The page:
My parents’ divorce was unexpected to all those who existed in the orbit outside their marriage.
To the outside world, theirs was a relationship full of commitment and respect. Mum and Dad enjoyed a marriage signposted with cutesy traditions; weekly trips to the local market, cooking dinner together, and nightly chats around the dining table were fixtures in our family life.
They enjoyed 30 joy-filled years before they parted ways. Well, “joy-filled” to the people on the periphery, at least.
For the two people inside that marriage, there was one issue that was carving out a hole. Day by day, week by week, the rotting of their union spread from the middle. Like poison, it branched out from the core to the extremities until the whole thing became a cesspit of tension and discontentment.
Only then did my siblings and I learn that my parents’ marriage was a hollow facade – a shell of children and nostalgia and not much else.
By the time Mum and Dad announced their “surprise split”, my sisters and I were adults, on the cusp of leaving home for the thrills of travel and career. We sat around the living room, shell-shocked that our father was beating us to the chase.
I’ll never forget what my mother said mere minutes after my dad walked out: “Do any of you know where the passwords to our bank accounts are? I don’t know how to get into them.”
At the time I thought that, perhaps, Mum had a bad memory. Too many bank accounts, too little time to remember all the lengthy usernames and passcodes, right?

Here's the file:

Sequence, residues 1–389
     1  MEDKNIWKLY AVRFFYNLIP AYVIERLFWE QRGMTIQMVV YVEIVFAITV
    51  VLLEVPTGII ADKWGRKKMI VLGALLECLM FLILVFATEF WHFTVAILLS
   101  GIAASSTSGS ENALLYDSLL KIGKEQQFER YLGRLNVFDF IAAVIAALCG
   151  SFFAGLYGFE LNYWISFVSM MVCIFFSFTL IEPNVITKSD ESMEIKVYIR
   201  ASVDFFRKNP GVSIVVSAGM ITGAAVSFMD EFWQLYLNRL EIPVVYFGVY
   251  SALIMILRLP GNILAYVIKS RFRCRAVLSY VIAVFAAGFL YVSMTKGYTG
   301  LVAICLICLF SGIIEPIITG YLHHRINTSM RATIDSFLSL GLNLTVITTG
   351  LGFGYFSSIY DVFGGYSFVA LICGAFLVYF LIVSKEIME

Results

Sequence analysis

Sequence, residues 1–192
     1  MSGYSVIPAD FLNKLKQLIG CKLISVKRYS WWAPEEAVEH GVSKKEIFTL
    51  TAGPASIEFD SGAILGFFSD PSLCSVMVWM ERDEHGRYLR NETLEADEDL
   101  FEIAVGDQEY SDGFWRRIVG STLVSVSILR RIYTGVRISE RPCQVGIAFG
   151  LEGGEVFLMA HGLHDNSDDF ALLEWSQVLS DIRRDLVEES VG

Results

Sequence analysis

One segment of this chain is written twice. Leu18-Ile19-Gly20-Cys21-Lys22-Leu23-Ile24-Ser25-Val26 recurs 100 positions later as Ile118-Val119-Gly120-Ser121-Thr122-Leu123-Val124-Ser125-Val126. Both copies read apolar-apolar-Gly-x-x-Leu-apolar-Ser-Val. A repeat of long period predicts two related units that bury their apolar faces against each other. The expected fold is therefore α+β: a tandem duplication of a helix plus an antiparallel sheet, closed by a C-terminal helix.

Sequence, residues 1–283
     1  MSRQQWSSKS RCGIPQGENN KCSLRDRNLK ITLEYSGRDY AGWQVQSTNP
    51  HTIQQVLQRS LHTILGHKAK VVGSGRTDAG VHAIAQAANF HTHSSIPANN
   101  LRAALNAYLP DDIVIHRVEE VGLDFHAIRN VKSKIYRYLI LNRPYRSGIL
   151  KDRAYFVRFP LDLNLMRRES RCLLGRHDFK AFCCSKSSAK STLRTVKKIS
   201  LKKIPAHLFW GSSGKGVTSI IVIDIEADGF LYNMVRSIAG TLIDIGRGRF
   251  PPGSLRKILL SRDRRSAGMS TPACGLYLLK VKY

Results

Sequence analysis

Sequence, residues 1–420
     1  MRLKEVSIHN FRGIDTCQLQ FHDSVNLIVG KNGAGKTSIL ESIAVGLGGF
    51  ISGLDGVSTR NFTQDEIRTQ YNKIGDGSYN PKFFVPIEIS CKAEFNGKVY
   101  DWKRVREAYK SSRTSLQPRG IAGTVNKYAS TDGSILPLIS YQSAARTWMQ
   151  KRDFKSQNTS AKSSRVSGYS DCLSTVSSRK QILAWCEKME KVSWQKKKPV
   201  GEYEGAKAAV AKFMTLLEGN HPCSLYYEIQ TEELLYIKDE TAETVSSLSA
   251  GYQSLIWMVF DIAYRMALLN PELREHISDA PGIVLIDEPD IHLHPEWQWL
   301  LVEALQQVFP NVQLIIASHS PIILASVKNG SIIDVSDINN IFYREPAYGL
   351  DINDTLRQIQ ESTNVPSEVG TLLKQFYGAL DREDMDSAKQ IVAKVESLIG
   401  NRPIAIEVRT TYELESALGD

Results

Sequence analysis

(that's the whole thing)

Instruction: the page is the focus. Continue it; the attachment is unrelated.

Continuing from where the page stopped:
My mother had gone decades without knowing how much money they had. Despite being the main breadwinner, and working full-time, she had gone years without access to her own paychecks. She had handed over financial control to my father, completely and naively, year upon year, until he turned to her one day and said, "I'm done with this marriage".
Why? Because she simply took no interest in what her money was going towards - she believed my father understood matters of finance better than she ever could.
"What was I supposed to do?" she asked us when we looked at her incredulously. "Your father was always better with money than me."
It was as if 'money' was a foreign language akin to Mandarin; something my mother was inherently incapable of translating. She had, slowly, morphed into a constant state of hopelessness and helplessness. Money is hard. It's all too daunting and confusing. So why not let Mark control it all? He seems to understand.
As my mother's grip relaxed, my father's only strengthened. He had no qualms with all the power being at his immediate disposal. Some days, he'd arrive home from work to inform us that he'd spent $10,000 on something foolish.
"Well, we must be able to afford it," my mother would tell herself.
And so, one April day in 2012, my mother's life unravelled, and she not only found out that she was about to become a 50-something divorcee, but a woman with far less money to her name than she had ever expected.
Now, five years and a new house mortgage on, my university-educated, smart mother looks back at the dynamic in that marriage as the biggest mistake of her life. "I was a complete and utter idiot," she tells us at family dinners. "I let myself be a coward and stay in the dark."
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Slipping into that pattern of control and passivity didn't just happen the day my parents said "I do" - it was laid, brick by brick, so slowly that when my mum took a step back, she realised there was a giant wall between her and the money she was earning.
She's not alone.
No matter what way you twist it, the problem of financial abuse is insidious and widespread. Many women around the country have days like my mother did in April 2012.
Days where they sit there, faced with the reality that, no, we couldn't afford it, and yes, now I have been plunged into the scariest of deep waters, with only a rickety and decaying boat to support me.
If you suspect you are the victim of financial abuse, Mamamia urges you to seek support here.